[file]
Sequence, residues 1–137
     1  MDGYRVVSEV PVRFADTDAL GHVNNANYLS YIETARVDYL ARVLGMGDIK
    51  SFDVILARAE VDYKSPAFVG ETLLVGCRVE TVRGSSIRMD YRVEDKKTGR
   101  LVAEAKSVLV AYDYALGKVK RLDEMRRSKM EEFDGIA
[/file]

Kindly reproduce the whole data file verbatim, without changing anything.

Sequence, residues 1–137
     1  MDGYRVVSEV PVRFADTDAL GHVNNANYLS YIETARVDYL ARVLGMGDIK
    51  SFDVILARAE VDYKSPAFVG ETLLVGCRVE TVRGSSIRMD YRVEDKKTGR
   101  LVAEAKSVLV AYDYALGKVK RLDEMRRSKM EEFDGIA